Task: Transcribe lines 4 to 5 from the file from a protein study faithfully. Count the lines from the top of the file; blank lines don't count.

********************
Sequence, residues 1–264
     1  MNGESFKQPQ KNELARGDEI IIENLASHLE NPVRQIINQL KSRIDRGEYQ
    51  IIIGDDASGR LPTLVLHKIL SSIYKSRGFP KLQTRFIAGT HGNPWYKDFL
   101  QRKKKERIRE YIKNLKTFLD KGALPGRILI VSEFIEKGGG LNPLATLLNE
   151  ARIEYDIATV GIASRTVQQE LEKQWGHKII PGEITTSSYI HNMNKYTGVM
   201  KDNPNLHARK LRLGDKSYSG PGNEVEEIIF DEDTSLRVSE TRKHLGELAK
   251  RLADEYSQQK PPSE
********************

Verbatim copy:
   101  QRKKKERIRE YIKNLKTFLD KGALPGRILI VSEFIEKGGG LNPLATLLNE
   151  ARIEYDIATV GIASRTVQQE LEKQWGHKII PGEITTSSYI HNMNKYTGVM